Peregrine Falcon
Our resident Peregrine Falcon came to us from a Central Pennsylvania wildlife rehabilitation facility in 2013. Male falcons are slightly smaller than their female counterparts, and this male was found with a broken wing as a first year bird. The injured wing still droops slightly, and prevents him from flying and therefore being released.

Peregrine Falcon


Fast Facts

Peregrine Falcon: Falco peregrinus

Range: Widespread across North America, year-round in western US and northern Mexico; summer in Alaska and northern Canada; winter in eastern US. Worldwide, found on all continents except Antartica.

Habitat: Open areas, nesting at high altitudes on cliffs or skyscrapers

Nest: Simple scrape on ground or ledge located at a range of altitudes from 25 – 1,300 ft

Eggs: 2-5, creamy to brown blotched with brown, red or purple

Diet: Primarily birds and occasionally bats

Trivia: This speedy falcon was formerly known as the Duck Hawk, named for one of its most common prey items.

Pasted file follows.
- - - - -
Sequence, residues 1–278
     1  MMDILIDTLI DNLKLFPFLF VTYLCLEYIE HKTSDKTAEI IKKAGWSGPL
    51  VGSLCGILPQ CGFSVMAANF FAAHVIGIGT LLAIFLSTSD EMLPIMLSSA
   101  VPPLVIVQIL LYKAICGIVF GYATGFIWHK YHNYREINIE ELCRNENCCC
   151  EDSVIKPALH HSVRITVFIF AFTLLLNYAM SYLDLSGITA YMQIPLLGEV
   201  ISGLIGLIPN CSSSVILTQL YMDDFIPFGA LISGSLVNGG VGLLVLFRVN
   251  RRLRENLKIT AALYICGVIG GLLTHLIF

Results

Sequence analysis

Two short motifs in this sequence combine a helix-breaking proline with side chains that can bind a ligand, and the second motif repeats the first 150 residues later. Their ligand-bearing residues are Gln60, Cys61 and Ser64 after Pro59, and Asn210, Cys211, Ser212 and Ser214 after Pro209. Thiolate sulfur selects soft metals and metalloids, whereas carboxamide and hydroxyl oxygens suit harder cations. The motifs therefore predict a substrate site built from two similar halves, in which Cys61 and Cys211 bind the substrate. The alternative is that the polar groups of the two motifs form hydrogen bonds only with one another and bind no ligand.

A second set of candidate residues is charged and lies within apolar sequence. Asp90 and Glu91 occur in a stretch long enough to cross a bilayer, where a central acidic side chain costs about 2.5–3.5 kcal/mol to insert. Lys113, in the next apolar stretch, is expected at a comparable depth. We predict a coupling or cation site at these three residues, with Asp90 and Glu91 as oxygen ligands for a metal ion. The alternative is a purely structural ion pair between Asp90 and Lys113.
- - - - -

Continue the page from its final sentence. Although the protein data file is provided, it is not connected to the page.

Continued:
The art of falconry (training birds of prey) dates back centuries, and Peregrine Falcons figured prominently in history as prized hunting birds.



Monday – Friday
8 a.m. to 4:30 p.m.

Weekend hours vary seasonally; call for details

After hours group

visits by appointment.

Trails, pavilion, and raptor mews (cages) are open 7 days a week from dawn until dusk.


Want to learn more?

Cornell Lab of Ornithology

National Audubon Society

The Peregrine Fund

Falcon Camera

Falconry Today

Copyright 2014 Carbon County Environmental Education Center